Effects of Lead in Drinking Water: If present, elevated levels of lead can cause serious health problems, especially for pregnant women and young children. Lead in drinking water is primarily from materials and components associated with service lines and home plumbing. New Buffalo Township is responsible for providing high quality drinking water, but cannot control the variety of materials used in plumbing components. When your water has been sitting for several hours, you can minimize the potential for lead exposure by flushing your tap for 30 seconds to 2 minutes before using water for drinking and cooking. If you are concerned about lead in your water, you may wish to have your water tested. Information on lead in drinking water, testing methods, and steps you can take to minimize exposure is available from the Safe Drinking Water Hotline, 1-800-426-4791 or at www.epa.gov/safewater/lead.
If you have any questions regarding this report or any questions regarding your water utility you may attend any New Buffalo Township Board meeting or contact Archie Barkman, Water Superintendent, at 269-231-5250. Board meetings are scheduled on the 3rd Monday of every month at the Township Hall at 17425 Red Arrow Highway.
Download and view PDF reports below (requires Adobe Acrobat)
New Buffalo Township Water Analysis Report - View file
City of New Buffalo Water Analysis Report - View file
Michigan City Water Analysis Report - View file
Maximum Residual Disinfection Level (MRDL) — The highest level of disinfectant allowed in drinking water. There is convincing evidence that addition of a disinfectant is necessary for control of Microbial contaminants.
Maximum Residual Level Goal (MRDLG) — The level of a drinking water disinfectant below which there is no known or expected risk to health. MRDLG's do not reflect the benefits of the use of disinfectants to control microbial contaminants.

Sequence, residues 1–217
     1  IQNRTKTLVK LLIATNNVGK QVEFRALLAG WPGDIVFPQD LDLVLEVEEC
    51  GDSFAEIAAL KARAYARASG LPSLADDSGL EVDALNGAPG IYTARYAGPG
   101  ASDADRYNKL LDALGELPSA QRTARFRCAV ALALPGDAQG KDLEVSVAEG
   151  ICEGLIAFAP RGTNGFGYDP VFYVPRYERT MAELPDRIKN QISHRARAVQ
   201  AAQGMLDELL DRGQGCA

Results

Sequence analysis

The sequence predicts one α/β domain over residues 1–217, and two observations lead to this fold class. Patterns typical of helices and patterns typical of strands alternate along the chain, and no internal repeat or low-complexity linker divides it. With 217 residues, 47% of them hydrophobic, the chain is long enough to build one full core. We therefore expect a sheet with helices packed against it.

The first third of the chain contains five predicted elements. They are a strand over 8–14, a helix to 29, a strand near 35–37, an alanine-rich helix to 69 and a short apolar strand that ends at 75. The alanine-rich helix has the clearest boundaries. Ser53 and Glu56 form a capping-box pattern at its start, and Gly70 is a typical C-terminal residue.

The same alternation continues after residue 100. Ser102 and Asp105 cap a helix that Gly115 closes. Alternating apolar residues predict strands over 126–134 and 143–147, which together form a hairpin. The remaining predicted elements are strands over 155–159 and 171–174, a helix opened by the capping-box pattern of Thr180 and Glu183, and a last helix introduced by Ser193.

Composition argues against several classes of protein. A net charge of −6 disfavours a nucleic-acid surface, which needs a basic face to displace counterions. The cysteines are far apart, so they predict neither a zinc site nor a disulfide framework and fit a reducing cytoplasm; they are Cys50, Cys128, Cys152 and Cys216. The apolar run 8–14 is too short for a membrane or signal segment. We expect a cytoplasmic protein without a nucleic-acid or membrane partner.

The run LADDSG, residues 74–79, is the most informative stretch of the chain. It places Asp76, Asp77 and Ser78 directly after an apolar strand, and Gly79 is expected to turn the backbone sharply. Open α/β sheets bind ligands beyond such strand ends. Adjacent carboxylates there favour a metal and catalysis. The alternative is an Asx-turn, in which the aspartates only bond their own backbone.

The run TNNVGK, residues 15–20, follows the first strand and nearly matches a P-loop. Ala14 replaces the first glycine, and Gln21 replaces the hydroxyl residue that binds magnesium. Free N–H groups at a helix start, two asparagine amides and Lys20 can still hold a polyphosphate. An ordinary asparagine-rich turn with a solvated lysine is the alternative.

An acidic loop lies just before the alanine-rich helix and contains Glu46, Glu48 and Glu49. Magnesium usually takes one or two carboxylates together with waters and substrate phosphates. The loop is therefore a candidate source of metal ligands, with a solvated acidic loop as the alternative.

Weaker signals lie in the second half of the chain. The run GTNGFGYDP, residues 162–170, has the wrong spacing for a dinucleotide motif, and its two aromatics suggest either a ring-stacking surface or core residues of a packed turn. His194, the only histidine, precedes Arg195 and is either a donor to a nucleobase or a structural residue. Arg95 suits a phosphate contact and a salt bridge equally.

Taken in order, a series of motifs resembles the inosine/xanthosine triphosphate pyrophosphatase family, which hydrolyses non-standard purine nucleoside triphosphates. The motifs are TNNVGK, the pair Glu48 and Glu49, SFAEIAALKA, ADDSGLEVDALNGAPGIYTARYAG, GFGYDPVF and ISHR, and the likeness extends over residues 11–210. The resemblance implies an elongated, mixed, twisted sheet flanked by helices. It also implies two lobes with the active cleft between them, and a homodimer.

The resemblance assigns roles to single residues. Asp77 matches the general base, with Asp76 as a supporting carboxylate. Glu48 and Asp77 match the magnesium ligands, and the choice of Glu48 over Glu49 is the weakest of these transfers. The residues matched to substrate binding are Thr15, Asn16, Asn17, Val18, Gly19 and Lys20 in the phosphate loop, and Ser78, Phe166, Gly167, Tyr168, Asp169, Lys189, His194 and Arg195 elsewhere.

AL (action level) — The concentration of a contaminant which, if exceed, triggers treatment or other requirements which a water system must follow.
MCL — Maximum Contaminant Level (MCL) is the highest level of a contaminant that is allowed in drinking water. MCLs are set as close to the MCLG as feasible using the best available treatment technology.
MCLG — Maximum Contaminant Level Goal (MCLG) is the level of a contaminant in drinking water below which there is no known or expected risk to health. MCLGs allow for a margin of safety.
NTU — Nephelometric Turbidity Units ppb
PPM — Parts per million
PPB — Parts per Billion
MG/L — milligrams per liter
UG/L — micrograms per liter
pCi/L — picocuries per liter
TT — Treatment Technique (TT) is a required process intended to reduce the level of a contaminant in drinking water.
Unregulated Contaminants — Unregulated contaminants are those for which EPA has not established drinking water standards. The purpose of the unregulated contaminant monitoring is to assist EPA in determining the occurrence of unregulated contaminants in drinking water and whether future regulation is warranted.
90th Percentile — 90 percent of the samples were below the number listed.
N/A — Not applicable.
N/D — None Detected
Turbidity — Turbidity is a measurement of the cloudiness of the water.
RAA — Running Annual Average.
*Lead & Copper — the state allows us to monitor for these substances less than once per year, so some data may be more than 1 year old, current results were collected from 1/1/2016 thru 12/30/2016. Infants and children who drink water containing lead higher than action levels could experience delays in their physical or mental development. Children could show slight deficits in attention span and learning abilities. Adults who drink this water over many years could develop kidney problems or high blood pressure.